A friend asked Saadah if she wanted to work in London as a maid. A Saudi diplomat stationed in Jakarta was to shift to London in 2010 and wanted to take along a domestic worker from Indonesia. She had worked abroad once before, in a tailoring shop in Kuwait. Saadah had married at 13 in an arranged marriage and was now a single parent with two children in elementary school and two in vocational school, struggling on her own to pay the fees. She was prepared to work long hours, and the promised salary was significant. The stories of domestic workers’ troubles she had heard involved working in the Middle East. She thought she would be safe working in London.

And she was, although only a portion of her salary was paid via a transfer to her children after several months. After two years, the family moved back to Jeddah and forced Saadah to go with them. She was afraid she would never be paid. When she asked for the balance of her salary and to leave, the diplomat and his two brothers locked her in a room and asked her to sign a receipt for full payment with her thumbprint. The diplomat slapped her several times when she refused. He told her the uniform, the shelter and the food she was given and the bit already paid was sufficient. The three of them attacked her and knocked her down. One sat on her lap while another forced her thumbprint on the paper. She returned to her home in Central Java having not been paid for many months of work.


“It was arranged quickly through an agency and I had a contract after one week and then I left. But I was not allowed to read the contract. I was only told what it said and then I was asked to sign it. When I tried to read it, the agent said, ‘No, there are lots of people waiting, your friends are waiting, just sign here.’ I was disappointed I couldn’t read it. I did insist, but he said, ‘You don’t have to. As long as you do your work nicely, you don’t have to concern with this kind of thing. Sign and do your work.’

“I was fine with the work. I’m healthy, I can do all the work. I didn’t know much about domestic work. I had heard stories about Indonesian women working in Saudi but I didn’t pay attention to them. I just heard lots of women in Saudi ran away from their employer. I heard nothing about physical or sexual abuse. I knew the kind of job I would do but, I was confused why the contract was for Saudi because I would work in London. They told me, ‘Your visa will be obtained in Saudi and that’s why the contract was for Saudi.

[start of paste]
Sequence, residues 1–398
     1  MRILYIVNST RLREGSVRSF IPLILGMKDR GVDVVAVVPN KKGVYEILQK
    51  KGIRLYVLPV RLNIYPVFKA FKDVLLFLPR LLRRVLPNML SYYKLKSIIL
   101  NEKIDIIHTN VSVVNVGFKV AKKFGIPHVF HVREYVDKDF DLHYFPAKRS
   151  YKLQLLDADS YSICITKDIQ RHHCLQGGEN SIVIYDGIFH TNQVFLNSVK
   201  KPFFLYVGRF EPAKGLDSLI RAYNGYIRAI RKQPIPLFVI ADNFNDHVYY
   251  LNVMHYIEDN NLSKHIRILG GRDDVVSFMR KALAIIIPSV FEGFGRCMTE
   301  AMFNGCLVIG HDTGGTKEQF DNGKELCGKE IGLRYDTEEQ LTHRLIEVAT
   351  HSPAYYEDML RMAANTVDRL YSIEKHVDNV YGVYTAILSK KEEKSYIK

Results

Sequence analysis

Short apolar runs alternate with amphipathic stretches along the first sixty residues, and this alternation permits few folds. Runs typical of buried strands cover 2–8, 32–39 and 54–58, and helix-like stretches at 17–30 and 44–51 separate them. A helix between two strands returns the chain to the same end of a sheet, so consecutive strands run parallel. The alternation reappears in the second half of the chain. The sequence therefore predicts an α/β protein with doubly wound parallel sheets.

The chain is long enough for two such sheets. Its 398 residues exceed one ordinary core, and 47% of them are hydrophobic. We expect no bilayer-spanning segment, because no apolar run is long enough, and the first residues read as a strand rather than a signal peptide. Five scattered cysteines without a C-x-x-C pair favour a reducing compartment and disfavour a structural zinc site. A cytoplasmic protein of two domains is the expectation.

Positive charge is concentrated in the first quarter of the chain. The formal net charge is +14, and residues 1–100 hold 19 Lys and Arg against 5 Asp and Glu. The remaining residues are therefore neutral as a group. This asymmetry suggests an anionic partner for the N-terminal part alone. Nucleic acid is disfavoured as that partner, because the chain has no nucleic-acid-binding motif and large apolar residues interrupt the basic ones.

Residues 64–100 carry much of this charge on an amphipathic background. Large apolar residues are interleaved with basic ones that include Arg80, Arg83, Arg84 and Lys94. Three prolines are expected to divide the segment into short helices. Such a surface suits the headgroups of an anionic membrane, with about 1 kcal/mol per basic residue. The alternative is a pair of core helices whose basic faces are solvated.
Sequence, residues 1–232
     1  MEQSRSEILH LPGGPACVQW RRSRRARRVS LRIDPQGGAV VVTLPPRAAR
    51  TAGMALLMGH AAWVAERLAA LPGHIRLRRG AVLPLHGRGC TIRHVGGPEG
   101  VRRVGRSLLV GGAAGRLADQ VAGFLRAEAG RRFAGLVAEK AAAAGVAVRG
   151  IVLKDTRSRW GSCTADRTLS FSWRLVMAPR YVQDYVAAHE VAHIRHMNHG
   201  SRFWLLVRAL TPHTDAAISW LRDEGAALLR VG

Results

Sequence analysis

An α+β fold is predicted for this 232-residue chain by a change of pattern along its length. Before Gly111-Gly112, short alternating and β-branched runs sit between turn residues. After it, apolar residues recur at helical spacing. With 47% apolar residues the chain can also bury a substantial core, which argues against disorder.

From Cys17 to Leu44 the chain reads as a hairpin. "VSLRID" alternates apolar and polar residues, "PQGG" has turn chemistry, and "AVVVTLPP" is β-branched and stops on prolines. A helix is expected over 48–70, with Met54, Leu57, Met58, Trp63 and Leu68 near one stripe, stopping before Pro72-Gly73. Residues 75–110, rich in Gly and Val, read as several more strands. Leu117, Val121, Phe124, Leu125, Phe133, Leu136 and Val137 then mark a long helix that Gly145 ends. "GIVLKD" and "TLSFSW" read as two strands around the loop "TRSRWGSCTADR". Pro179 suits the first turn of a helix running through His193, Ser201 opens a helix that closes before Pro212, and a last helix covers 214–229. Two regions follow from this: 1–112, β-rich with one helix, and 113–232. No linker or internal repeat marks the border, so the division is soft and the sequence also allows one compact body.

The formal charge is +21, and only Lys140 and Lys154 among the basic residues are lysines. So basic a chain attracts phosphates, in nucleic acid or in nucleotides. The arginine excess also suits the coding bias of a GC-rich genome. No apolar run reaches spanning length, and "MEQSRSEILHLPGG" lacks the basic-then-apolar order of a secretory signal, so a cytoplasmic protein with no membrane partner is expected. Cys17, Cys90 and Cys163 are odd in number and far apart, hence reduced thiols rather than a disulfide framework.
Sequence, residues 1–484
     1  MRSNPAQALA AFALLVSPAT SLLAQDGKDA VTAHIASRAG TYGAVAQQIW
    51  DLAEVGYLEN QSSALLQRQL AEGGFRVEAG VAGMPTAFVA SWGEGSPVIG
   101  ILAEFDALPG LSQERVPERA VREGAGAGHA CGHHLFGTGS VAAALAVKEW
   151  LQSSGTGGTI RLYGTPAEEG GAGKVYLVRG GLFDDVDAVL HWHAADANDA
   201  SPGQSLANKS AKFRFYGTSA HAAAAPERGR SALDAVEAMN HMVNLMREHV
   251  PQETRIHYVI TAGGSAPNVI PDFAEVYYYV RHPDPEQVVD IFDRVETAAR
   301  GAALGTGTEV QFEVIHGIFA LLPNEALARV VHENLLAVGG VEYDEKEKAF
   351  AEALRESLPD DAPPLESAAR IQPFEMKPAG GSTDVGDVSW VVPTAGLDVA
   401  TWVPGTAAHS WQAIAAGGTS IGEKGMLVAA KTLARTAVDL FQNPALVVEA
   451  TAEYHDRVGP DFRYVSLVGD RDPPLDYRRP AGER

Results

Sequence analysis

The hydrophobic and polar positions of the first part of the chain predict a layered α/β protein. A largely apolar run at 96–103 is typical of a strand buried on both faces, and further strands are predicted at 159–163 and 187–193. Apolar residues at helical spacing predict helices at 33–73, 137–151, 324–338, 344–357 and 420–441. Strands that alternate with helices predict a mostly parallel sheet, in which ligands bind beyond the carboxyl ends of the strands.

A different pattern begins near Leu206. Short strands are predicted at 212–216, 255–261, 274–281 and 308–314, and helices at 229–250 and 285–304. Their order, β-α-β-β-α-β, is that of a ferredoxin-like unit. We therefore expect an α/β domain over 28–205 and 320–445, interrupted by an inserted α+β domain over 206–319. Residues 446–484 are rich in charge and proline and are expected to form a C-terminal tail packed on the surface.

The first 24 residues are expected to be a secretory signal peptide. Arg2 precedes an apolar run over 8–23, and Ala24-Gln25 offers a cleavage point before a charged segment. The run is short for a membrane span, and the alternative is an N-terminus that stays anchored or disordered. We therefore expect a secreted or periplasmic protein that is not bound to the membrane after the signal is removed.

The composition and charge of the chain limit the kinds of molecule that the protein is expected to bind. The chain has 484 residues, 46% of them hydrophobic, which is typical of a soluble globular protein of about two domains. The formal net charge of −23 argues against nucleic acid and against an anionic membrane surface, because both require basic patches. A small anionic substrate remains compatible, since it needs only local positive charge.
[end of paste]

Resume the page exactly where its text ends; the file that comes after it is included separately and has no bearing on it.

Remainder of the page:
“I flew to Saudi with the employer; we went to Jeddah. I spent one month there to wait for the visa to London. I signed two contracts: one for Saudi while I was in Jakarta. Then in Saudi I signed another contract for London. The salary in Saudi was to be 800 riyal for the month and in London it was to be 2,800 riyal (around 7 million rupiah) a month. I flew with the family to London.

“The family was nice. No problems. I woke at 6 a.m. and finished at 7.30 p.m. I had no day off but I was free to do anything in the house after the children had dinner. I could use the laptop and play games. I had no money for things because they bought me what I wanted. The employer gave me a phone after I got angry and said I have children in Jakarta. Then I could call my family when I wanted. There was just one thing. Every time I asked for the salary they didn’t give it to me. I had to send money to my children. They said, ‘Tomorrow, tomorrow.’ Even when I was angry, they wouldn’t give it to me. ‘Later, later,’ they said. In London it was the same thing. After five months, they transferred 1.5 million rupiah (less than 800 riyal) to one of my children. They didn’t tell me how much they transferred.

“I could only go out of the house to take the children to and from school. I wasn’t allowed to talk in English with Londoners; I was only allowed to speak Arabic. They kept my passport. I was afraid to run away because Europe is so far from Indonesia. I was afraid something bad would happen to me. I thought it was better to stay there until I can go home because I wanted to see my children. I didn’t know there was an Indonesian Embassy in England.

The diplomat slapped her
“After two years they went back to Saudi. In Saudi I said I want to go home. I asked for the salary and they said, ‘Okay tomorrow.’ They did transfer money several times to my family; all together they transferred 15 million rupiah. I wanted my full salary. The day after, at around 2 p.m., the diplomat employer and his two brothers took me to the bedroom and locked the door. They wanted me to sign a paper with my thumbprint that said I had been paid. I refused. The employer said, ‘Why won’t you do that?’ I said, ‘I haven’t been paid my salary yet.’ The employer said, ‘We already gave you food, we already gave you shelter, we gave you clothes and we already gave you some money. No more, that’s it. That’s enough.’ He said, ‘I’m not going to pay you—you go home. And he slapped me three times. All three of them hit me at the same time. One of them held my arms. After I was slapped, I fainted. While I was half conscious, on the floor, one of the men sat on my lap. The other man grabbed my arms. The employer forced me to thumbprint the paper. They were saying we will kill you if you don’t sign it.

“I don’t want other people to feel like this. If I didn’t sign that paper, I’m convinced they would kill me. I screamed, ‘Don’t kill me, I have four children.’ They just kept quiet. I had already signed. I really believed I wouldn’t get to Indonesia if I didn’t sign. Their eyes were scaring me. They were red and very angry.”